I remember seeing Strictly Ballroom at the Sydney Film Festival when it came out, and the horror that surrounded it. It was as though Australians had never heard their own accent played back to them before – the Cringe was palpable! How could that terrible Mr Luhrman portray Australians like this, people were saying, and yet that film has entered the Australian cinematic canon, it has been taken to heart around the world, even in the Mother Country, Our Germaine’s adopted home, the UK TV classic Come Dancing has become Strictly Come Dancing!
Maybe it’s time the cringe was dropped, and it was accepted that if we tell Baz Luhrman he’s dreamin’, that might be a good thing. Even Australians have stories to tell.


staged events, part the second

December 4, 2008

So, still buoyant from our happy time at the Gielgud theatre, we went a couple of weeks later to the Mad Max inspired Millenium Dome, now much more branding-consciously called the O2 Arena, essentially a yurt on steroids filled with American-themed steak-and-cocktail eateries, drinkeries and clubbings. With a stage of some sort attached. We were there to see Monkey: Journey to the West, a production of the ancient Chinese story of the Buddhist priest Tripitaka (or more properly,  Xuanzang) and the Monkey King, Sūn Wùkōng (or Qítiān Dàshèng, “Great Sage, Equal of Heaven”) and their journey to India to collect the famous three baskets of sacred scrolls (the actual tripitaka, which gave the priest his honorary name.)

The story has been a staple of Asian legend for hundreds of years, and was brought to my attention by the Japanese TV series made of it between 1978 and 1980. I didn’t get around to looking up the printed translation until about 4 years ago. A very fun read, so I was very pleased to hear of the new stage production here.

Especially pleased because of the creative team behind it: Chen Shi-zheng, Damon Albarn and Jamie Hewlett, very stylish gents all, in their fields. So off we went to the cultural Arena, or more precisely, to a second sub-tent ’round the back of the main über Petri dish. I have to say I was impressed. I think it was the first theatre performance I’ve seen where I thought I could sit through it all again straight away (over 2 hours plus intermission!)

There were subtitles to read (it was all performed in Mandarin, the cast being mostly, if not entirely Chinese), though not many, but with so much going on on stage that I was torn between keeping my eyes riveted to the antics and acrobatics and flicking them offstage to the projected text on either side.

The first half focussed on the birth and life of Monkey, and the eventual formation of Tripitaka’s expeditionary troupe, much the way the translation I read did. If you’re more familiar with the TV show this will come as a bit of a revelation, as it glossed over that bit in the intro, then got down to what happens after the intermission of the stage production, the battles with the monsters (which makes it perfect TV fodder – the Chinese original had 81 Monsters of the Week already written in!) Eventually the troupe makes it, despite all adversity, to the temple which is their destination, to pick up the scrolls and be blessed by Buddha. Yay!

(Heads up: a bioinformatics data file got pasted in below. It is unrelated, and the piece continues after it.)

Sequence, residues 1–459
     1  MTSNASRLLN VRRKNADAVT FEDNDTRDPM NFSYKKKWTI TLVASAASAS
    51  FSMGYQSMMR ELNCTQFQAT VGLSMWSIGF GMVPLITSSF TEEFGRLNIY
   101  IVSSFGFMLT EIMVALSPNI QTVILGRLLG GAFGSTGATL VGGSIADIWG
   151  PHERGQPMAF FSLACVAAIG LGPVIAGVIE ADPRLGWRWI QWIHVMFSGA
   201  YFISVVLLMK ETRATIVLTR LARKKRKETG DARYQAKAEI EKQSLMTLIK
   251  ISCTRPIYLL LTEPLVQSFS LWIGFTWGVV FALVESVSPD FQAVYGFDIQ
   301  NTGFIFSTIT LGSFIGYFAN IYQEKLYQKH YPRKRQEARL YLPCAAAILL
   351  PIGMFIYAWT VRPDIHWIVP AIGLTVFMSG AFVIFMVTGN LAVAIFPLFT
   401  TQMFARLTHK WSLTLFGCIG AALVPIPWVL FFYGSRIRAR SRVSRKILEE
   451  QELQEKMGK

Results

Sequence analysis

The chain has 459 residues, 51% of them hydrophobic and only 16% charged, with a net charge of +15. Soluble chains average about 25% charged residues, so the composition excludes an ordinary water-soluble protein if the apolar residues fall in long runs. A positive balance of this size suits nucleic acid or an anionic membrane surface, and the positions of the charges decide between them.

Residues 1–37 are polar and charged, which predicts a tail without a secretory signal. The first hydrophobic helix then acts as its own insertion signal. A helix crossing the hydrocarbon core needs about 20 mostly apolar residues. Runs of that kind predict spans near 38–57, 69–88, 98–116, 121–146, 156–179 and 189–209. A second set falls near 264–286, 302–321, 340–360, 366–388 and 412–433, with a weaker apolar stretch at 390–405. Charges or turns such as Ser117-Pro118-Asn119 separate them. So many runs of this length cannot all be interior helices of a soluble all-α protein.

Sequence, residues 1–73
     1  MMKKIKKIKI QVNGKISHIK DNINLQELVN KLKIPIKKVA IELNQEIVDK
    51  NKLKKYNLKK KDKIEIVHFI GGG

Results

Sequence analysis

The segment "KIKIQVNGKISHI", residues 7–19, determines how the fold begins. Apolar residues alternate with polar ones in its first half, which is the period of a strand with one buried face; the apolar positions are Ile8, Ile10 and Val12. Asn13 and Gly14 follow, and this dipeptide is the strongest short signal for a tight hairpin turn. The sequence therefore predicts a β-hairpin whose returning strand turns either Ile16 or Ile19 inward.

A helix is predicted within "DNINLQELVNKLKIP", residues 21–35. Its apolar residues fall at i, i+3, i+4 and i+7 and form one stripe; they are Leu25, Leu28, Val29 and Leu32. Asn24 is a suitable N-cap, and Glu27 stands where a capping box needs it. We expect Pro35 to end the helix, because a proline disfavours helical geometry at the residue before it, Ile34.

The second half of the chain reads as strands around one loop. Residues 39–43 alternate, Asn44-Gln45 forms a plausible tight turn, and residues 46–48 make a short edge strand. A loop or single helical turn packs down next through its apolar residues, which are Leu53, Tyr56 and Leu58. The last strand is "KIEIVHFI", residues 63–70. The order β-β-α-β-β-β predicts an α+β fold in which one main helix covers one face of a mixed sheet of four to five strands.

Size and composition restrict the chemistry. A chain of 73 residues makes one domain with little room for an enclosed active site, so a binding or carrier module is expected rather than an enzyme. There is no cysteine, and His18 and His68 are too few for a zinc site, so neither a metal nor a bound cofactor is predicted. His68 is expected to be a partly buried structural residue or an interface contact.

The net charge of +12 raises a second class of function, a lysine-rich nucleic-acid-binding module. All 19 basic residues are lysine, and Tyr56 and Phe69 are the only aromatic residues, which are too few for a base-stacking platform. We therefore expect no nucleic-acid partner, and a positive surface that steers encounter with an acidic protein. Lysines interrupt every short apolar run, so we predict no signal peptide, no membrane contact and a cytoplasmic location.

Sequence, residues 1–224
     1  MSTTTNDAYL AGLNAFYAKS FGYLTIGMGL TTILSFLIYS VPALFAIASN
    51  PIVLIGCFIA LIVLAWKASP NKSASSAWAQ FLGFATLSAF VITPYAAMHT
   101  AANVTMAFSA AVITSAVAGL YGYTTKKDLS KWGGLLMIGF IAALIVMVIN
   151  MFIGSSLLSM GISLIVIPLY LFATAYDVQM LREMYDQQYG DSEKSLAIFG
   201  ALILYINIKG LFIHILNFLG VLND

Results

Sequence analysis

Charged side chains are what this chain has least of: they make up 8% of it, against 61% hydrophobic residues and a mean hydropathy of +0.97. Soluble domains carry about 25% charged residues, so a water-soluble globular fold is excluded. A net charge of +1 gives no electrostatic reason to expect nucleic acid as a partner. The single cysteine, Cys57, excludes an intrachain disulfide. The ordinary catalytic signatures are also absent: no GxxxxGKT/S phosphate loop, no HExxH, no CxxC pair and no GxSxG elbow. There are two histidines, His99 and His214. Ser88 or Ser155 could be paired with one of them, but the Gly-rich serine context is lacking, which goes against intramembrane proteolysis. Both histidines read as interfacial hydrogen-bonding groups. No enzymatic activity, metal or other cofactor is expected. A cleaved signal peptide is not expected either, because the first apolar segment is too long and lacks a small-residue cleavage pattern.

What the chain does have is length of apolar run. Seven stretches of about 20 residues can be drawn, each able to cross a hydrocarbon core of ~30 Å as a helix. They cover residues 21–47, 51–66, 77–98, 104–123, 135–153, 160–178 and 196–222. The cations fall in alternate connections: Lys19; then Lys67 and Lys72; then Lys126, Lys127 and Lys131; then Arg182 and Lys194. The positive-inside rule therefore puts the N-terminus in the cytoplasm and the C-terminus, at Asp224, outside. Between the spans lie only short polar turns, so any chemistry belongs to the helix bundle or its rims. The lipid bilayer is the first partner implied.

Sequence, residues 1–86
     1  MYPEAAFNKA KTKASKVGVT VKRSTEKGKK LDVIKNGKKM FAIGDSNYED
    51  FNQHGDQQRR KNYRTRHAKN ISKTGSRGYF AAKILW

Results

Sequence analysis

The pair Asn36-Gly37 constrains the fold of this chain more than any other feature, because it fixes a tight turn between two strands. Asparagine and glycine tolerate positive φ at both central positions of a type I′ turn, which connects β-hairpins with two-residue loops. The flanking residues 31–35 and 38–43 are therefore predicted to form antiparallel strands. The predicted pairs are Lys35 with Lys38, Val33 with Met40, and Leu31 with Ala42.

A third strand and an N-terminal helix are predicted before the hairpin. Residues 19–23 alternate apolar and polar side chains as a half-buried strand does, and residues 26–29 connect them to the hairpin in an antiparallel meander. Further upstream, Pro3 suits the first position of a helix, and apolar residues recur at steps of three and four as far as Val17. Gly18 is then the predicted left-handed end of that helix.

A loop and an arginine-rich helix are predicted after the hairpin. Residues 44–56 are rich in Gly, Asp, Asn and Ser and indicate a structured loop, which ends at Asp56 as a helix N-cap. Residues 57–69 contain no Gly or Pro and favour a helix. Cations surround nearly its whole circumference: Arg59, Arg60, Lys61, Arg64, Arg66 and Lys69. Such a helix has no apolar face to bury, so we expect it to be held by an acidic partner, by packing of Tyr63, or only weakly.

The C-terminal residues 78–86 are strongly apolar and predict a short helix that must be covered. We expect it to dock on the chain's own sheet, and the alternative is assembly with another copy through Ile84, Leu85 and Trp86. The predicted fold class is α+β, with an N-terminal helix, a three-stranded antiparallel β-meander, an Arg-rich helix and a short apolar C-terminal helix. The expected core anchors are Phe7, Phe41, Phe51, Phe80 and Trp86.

Apparently they do travel back to China, sacred scrolls in hand, where Tripitaka spends the rest of his life translating, reciting, and teaching them, but that wasn’t covered in this production. Phew.

Excellent staging and all ’round production values, I thought, though I’m far from an expert. Two thumbs up.

That’s two wins from two performances! Just before xmas, we have cheap tickets to Spamalot. We’ll see if we can get the hat-trick. Wish us luck…


staged events

December 3, 2008

Well, we’ve braved the theatre twice in recent days, much to our surprise!

Neither of us are big fans of stuff on stage, but we found, in the cornucopia that is London, a couple of things to tickle our fancy.

Me personally, I find all that stagecraft guff a bit heavy on the “stagey”, and a bit light on the craft. Like the production of The Glass Menagerie we saw here in a West End theatre last year. The critics, amateur and pro alike were falling over themselves (maybe each other, I don’t know, I didn’t get that close) to laud its virtues, whatever, and however thin, they may have been. “Yawn”, I say, “yawn” again. Just not my scene. Plays? Emotional drama on stage? I see over-wrought waiters in tights (or whatever the costumes might be.) For emotion, give me the gritty close-ups of film (or real-life, even) any day.

If you’re going to entertain me, make me laugh, I say! Even bitterly, in recognition of human foibles and follies. Dazzle me with wordplay, thrill me with gymnastics, but don’t try to embroil me in the emotional intrigues of characters (people I don’t even know, or like!) because I’ll be yawning all the way to the tube-station.

So, back to the main story, first up we saw The wonderful Bill Bailey, who was already familiar from stage and screen – if you don’t know him there’s plenty to find on Youtube for a glimpse into his quirky and deconstructed world (“how many amoebas does it take to change a lightbulb?”*). There’s not much I can say about him that can’t be gleaned from the online recources, except that if you get a chance (and you’re into that sort of thing) go and see him. He’s my kind of funny.

More in the next instalment, coming soon…

*one – no, two- no, four! – no, eight…